Also, she said, she relates to the kids through music. “I love rap and I do ‘Holy Hip Hop’ and we rap about God,” she said. “One of the things I tell the kids is that God tells mamas everything. If you get busted with someone it’s because God doesn’t want to see you go the wrong way. God has a plan for you, you have no excuse. Honor your mother and father, especially the ones who work and do the right things … And if they don’t do the right things, because not every parent does, you pray and you tell someone.”
LaDay-Hill’s best-known contribution to the Kingston city youth community is through her formation and organization of Summer Sizzle summer basketball league, which hosts over 150 city youths between the ages 8-18 on 10 teams. LaDay-Hill said that she saw the immediate need when her family moved from Beacon where every court in the city is used by their summer basketball league, to Kingston, which had little to no organized basketball. When she whipped together some coaches, courts and placed kids on teams, she was asked to do it all over again for the next year as well. And so a league was born.
Longtime friend and fellow lay preacher Sandra Thompson-Hopgood described LaDay-Hill as, “very spiritual.” LaDay-Hill is motivated, she said, and “is concerned about her community and the well-being of the at-risk and underserved population.” Thompson-Hopgood said LaDay-Hill has essential leadership skills. LaDay-Hill recruited for her basketball program from the Everette Hodge Community Center, where Thompson-Hopgood was working at the time. “[La-Day-Hill] is a die-hard,” she said. “Whenever she comes into opposition or things start to fall apart it’s her faith in God that keeps her continuing and work to move forward because she knows that God is going to give her victory. She will take nothing, and make something out of it. [She will give] her personal time her personal money to make it work. She works a lot of hours, and she sat out at Wal-Mart in the freezing cold shaking a can to get donations so children can play basketball.”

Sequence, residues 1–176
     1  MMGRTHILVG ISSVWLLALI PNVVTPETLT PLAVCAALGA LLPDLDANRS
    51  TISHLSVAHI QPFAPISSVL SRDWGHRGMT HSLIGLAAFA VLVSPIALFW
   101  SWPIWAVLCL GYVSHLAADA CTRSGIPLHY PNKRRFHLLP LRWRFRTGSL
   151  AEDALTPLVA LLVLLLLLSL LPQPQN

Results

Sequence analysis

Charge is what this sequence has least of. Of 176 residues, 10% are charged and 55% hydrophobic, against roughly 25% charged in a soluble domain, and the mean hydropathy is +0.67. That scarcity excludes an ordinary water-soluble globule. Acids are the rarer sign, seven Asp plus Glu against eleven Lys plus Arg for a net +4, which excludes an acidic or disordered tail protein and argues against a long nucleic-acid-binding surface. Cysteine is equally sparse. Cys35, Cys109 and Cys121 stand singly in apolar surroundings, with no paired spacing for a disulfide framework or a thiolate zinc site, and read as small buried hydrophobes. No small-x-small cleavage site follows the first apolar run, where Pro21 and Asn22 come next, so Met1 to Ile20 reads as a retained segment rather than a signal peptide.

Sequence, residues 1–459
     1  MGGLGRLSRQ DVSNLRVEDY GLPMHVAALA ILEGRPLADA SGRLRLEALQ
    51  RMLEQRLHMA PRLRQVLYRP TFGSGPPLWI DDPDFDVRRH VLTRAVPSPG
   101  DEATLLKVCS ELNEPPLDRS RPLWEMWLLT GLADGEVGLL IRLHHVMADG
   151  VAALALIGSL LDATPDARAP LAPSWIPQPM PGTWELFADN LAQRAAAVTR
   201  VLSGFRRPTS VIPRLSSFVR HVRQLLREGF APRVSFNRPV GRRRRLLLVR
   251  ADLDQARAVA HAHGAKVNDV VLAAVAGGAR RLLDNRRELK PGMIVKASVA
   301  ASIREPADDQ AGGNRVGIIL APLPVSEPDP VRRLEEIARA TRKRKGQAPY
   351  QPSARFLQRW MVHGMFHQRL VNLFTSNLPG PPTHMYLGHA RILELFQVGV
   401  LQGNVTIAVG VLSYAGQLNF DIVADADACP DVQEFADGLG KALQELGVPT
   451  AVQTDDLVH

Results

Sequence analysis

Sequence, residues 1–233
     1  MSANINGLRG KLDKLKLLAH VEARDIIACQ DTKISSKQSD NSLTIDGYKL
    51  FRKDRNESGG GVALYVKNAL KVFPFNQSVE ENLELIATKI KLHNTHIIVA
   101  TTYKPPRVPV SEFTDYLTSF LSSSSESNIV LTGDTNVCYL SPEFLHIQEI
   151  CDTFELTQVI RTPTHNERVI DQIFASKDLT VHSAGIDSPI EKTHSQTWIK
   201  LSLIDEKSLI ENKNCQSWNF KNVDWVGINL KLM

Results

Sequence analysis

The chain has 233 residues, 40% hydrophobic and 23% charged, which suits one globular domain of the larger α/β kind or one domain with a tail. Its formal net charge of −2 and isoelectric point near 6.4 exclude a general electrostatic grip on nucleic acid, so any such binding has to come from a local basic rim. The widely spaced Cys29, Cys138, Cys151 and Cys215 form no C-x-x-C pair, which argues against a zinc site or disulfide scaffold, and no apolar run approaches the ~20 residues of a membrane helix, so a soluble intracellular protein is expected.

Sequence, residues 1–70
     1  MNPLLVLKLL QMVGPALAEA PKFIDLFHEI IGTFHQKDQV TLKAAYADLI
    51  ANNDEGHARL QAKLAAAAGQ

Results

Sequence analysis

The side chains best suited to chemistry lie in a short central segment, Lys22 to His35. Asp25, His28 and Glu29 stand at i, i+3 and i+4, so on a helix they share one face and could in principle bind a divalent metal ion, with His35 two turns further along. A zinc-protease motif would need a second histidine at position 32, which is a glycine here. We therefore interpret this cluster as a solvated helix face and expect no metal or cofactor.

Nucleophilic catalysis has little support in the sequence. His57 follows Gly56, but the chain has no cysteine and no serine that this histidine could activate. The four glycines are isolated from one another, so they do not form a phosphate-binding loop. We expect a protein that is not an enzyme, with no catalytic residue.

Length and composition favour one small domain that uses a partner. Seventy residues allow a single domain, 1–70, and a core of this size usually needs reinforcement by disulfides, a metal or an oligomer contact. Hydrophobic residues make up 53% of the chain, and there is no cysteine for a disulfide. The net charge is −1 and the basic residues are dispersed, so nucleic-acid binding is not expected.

Thompson-Hopgood said through the league, the kids learn vital life skills of teamwork, strategy, fair play and how to be courteous through the league. “A lot of the kids come from homes that are DSS or 200 percent [above the] poverty [line] and cannot afford to pay,” she explained, adding that they try to accommodate every child who wants to play, no matter their family’s ability to pay. Also, they appreciate it enough to stay on good behavior. “They are not going to fight curse scream. [If they do] they are off the team. So they settle it on the basketball court, they are not just hanging out on the street corners or at the corner stores. [LaDay-Hill] keeps going forward with it with her belief in God moving her.”
Cherie Hanson-Rodriguez: Tenacious, assertive, nurturing, empathic
Hanson-Rodriguez grew up in Kingston and left the area after college. She returned to the Hudson Valley 26 years later with her husband, Angel, and son Alex. She is presently the vice president of operations of Nistel, Inc. and served many years in administration of rehabilitation hospitals and skilled nursing facilities in Florida, Massachusetts and New York. She also spent several years in non-profit development and executive director positions in Delaware and Atlanta.
Carrie Jones Ross: Why would one say that you are a “strong woman”?
Hanson-Rodriguez: I think all women who are in any way successful at balancing their work and family responsibilities are strong women. Likewise, women who have the luxury of choosing one or the other, doing the best they can at what they do, are strong too because in both cases they’re going against what society says they should do.